The approval last week by the City’s committee of adjustment of a mixed-use retail and condo development, including a big-box home improvement retailer (probably Home Depot), on the parking lot at Queen and Portland has prompted renewed angst about the ongoing corporatization-homogenization-gentrification of the Queen West strip, notably the creeping spread of this corporatization west of Spadina. East of Spadina, this trend has been accelerating in recent years with the construction of cheap glass boxes for large clothing retailers (H+M, Zara, Mexx), with American Apparel leading the charge west of Spadina.
But the story is actually more complex. In some ways, this new development marks a turning point away from homogeneous corporatization towards, at least, some kind of balance. Three years ago, this plot of land would probably have been turned into a tall condo building with a single large, glassy big-box store on the ground floor, mangling the character of the area. But, as I wrote in NOW magazine in early January, thanks to a combination of the ambiguous ownership of a laneway right-of-way through the property and the new Queen West Heritage District designation that applies from University to Bathurst, this new development will respect the building heights along Queen Street, and will include five separate retailers in different sizes of store on the ground floor along Queen (the big home improvement store will mostly be on the second and third floors). As well, there will be residential units along the Queen Street frontage, with a residential entrance.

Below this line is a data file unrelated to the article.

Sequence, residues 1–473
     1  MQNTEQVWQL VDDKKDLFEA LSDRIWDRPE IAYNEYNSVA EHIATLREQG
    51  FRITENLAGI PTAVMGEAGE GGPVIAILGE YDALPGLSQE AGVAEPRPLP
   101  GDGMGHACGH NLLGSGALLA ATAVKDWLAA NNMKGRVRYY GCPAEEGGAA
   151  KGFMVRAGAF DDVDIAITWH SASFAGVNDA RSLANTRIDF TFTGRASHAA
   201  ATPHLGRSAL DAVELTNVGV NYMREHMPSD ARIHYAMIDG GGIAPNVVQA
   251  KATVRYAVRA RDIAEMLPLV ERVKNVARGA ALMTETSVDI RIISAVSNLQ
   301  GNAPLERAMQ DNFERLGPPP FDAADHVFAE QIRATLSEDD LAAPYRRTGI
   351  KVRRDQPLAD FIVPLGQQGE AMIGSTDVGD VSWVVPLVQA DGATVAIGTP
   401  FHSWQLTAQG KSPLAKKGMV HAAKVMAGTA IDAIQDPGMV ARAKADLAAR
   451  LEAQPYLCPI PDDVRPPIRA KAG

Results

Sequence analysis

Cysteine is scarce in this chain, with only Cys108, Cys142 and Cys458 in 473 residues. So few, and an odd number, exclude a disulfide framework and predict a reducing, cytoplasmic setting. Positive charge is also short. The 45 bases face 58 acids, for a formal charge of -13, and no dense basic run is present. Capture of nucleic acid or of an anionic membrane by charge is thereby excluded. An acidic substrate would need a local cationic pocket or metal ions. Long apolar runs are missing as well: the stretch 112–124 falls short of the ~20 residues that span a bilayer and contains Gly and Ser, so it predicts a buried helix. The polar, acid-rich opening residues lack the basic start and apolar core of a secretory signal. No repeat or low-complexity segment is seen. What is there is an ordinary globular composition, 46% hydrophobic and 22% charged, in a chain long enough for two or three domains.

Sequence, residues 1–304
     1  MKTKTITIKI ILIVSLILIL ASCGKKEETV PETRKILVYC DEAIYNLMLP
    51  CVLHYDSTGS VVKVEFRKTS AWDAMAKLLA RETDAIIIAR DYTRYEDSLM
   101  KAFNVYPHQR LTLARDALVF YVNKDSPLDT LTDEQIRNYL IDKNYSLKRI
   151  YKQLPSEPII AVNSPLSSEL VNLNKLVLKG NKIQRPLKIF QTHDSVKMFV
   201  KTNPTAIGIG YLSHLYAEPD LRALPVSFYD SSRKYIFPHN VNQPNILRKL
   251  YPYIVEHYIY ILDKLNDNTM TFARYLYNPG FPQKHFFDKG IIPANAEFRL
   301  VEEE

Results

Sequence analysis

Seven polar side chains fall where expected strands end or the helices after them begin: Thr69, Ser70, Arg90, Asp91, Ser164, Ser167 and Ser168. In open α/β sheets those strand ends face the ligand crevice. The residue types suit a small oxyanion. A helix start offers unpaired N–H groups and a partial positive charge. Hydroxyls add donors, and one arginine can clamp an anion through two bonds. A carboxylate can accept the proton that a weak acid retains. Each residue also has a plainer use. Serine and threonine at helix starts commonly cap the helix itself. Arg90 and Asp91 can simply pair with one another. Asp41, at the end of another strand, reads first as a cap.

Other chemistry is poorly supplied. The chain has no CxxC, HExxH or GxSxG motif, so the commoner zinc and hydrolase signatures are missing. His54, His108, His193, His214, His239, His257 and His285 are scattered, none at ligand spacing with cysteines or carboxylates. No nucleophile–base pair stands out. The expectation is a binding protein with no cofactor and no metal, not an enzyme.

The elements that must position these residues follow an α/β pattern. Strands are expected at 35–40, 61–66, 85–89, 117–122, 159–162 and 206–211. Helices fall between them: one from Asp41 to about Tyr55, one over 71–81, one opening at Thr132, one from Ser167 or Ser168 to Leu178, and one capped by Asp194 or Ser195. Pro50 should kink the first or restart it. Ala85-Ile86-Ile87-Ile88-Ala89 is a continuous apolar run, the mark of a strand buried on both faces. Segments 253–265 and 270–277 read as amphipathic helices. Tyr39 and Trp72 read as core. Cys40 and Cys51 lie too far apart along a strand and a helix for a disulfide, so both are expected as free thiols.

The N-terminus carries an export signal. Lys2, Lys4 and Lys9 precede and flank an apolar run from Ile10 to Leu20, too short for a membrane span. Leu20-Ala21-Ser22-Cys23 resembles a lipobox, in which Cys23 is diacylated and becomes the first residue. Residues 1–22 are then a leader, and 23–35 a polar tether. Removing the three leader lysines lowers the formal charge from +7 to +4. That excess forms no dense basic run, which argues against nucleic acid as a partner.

It’s not perfect, obviously (the chances are that even the small storefronts will be occupied by chain stores rather than local independents), but it was inevitable that something would be built on this property, and the resulting building is about as close to fitting into the street as one could hope for from a large-scale modern development. Its aesthetics aren’t great, in my opinion, but in a lot of ways what’s most important is the structure of the building.
The Queen West Heritage District designation identifies key elements of the structure that creates Queen West’s lively character:
– 2-4 storey buildings (not too high, so that sunlight gets in; not too low, so that the street is defined);
– mixed uses (retail, commercial, residential) to keep life on the street at all times;
– narrow storefronts to allow visual variety and interest and provide affordable space for varied retailers;
– mostly glass ground floors with inset entrances to provide transparency and connection to the street, but mixed materials on the upper floors to provide visual interest.
It’s interesting to note, in fact, that a fair number of the remaining independent stores along Queen West are actually in modern buildings — but ones that were built to fit the street. These buildings are not particularly attractive, in general, but they work because they were built according to some or all of these principles. Think, for example, of the building Pages is in. Another example is 431-437 Queen West, just west of the new H+M. It’s modern and not especially pretty, but the narrow storefronts house a variety of small shops, and the residential balconies above create a residential presence on the street without overshadowing it, helping to maintain a diverse retail and residential presence on this rapidly corporatizing part of the street.